Predatory bugs that are currently used can damage the plants and fruit and have problems

establishing in the crop. The predatory bug Dicyphus might be a good alternative candidate.

In the experiment, Dicyphus is compared to the currently used predator. Until now, both

predators have proved very efficient in controlling whiteflies. In the next stage, the pest

pressure will be increased to see how the predators respond.

In June 2015, a mating disruption product from Semios was approved to control codling

moths in fruit and nuts in the Netherlands, which means that growers can start using this

method. This is a big step forward in implementing this practical solution. Within Emphasis,

already last year some growers started experiments with this technique together with

Wageningen University and Research Centre.

Current activities on the dissemination of project activities and training opportunities are

contributing to policy-making processes.

Multiple communication channels, including social media, are being used by WP5 to disseminate

project research findings and to stimulate existing and new networks. One good example is the

dissemination of a survey among farmers to stimulate discussion on current needs for integrated

sustainable pest management.

Training activities are an important forum for communication and for the identification of new

research opportunities. The exchange programme between partners can be a good basis for

replicating pilot activities at national and international levels.

Regular database management and the updating of the dissemination and publications table,

stakeholder mapping and training plan are almost everyday activities of WP5.

Key outcomes are the second edition of the newsletter, and the HabiThreats software outline by

the end of 2016.

It is now 18 months since the launch of the EMPHASIS project. During this first project

period, WP6 has ensured project governance by coordinating, monitoring and structuring

project research and innovation activities, interacting with the Research Executive Agency,

ensuring progress against the work plan, supporting the achievement of relevant milestones

on schedule, and submitting project deliverables.

The EMPHASIS consortium meeting and the second project meeting took place in Brussels on

January 20–22, 2016. The joint workshops focused on interactions and complementarities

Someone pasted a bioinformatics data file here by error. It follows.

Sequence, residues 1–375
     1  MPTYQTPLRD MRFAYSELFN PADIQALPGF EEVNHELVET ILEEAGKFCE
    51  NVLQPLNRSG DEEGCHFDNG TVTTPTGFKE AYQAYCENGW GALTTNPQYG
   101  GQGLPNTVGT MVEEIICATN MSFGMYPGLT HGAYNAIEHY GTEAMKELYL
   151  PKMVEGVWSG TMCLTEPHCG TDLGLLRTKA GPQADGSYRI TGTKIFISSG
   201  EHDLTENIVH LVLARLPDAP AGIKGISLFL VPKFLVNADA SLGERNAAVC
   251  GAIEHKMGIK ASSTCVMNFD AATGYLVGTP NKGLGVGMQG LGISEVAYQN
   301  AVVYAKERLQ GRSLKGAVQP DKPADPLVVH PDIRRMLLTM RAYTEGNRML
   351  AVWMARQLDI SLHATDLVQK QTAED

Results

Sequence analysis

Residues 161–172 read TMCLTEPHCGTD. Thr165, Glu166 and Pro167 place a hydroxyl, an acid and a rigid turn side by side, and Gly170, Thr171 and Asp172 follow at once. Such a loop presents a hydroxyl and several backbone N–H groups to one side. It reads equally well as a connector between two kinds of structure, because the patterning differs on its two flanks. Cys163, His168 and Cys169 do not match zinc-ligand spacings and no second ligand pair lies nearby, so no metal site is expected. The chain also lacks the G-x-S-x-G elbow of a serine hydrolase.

among work packages. Project officer Charles de Chefdebien and Advisory Board members

Nicola Spence (chief plant officer at the Department for Environment, Food and Rural

Affairs, UK) and Jim Stack (director of the Great Plains Diagnostic Network, Kansas State

University, USA) provided interesting input concerning the main directions from both a

management and scientific perspective.

The first project review meeting, with the participation of external experts and the

project officer, will be held on October 12–14, 2016, at the head office of the Regional

Environmental Center in Szentendre, Hungary. The event will be an opportunity to assess

progress in relation to the project work plan, and to monitor the achievement of project

goals and objectives.

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ISSUE 02 July 2016

We hope you have found this newsletter interesting and informative. We welcome your views on any of the

issues covered: please email agroinnova@unito.it

You are invited to distribute the newsletter to any other interested parties.

Disclaimer

The information expressed in this newsletter reflects the views of the contributors. The European

Commission is not liable for any of the information contained therein. The EMPHASIS consortium cannot

accept any liability for the accuracy of the content.

Unsubscribe information

If you do not wish to receive the EMPHASIS newsletter, please unsubscribe by sending an email to

agroinnova@unito.it, with “Unsubscribe newsletter” in the subject line.

Integrētās Audzēšanas Skola

semios

PROJECT COORDINATOR

AGROINNOVA, Centre of Competence for Innovation

in the Agro-environmental Field,

University of Turin, Italy

Largo Paolo Braccini, 2

(former Via Leonardo da Vinci, 44)

10095 Grugliasco (TO), Italy

Phone: +39 011 6708539

Fax: +39 011 6709307

E-mail: agroinnova@unito.it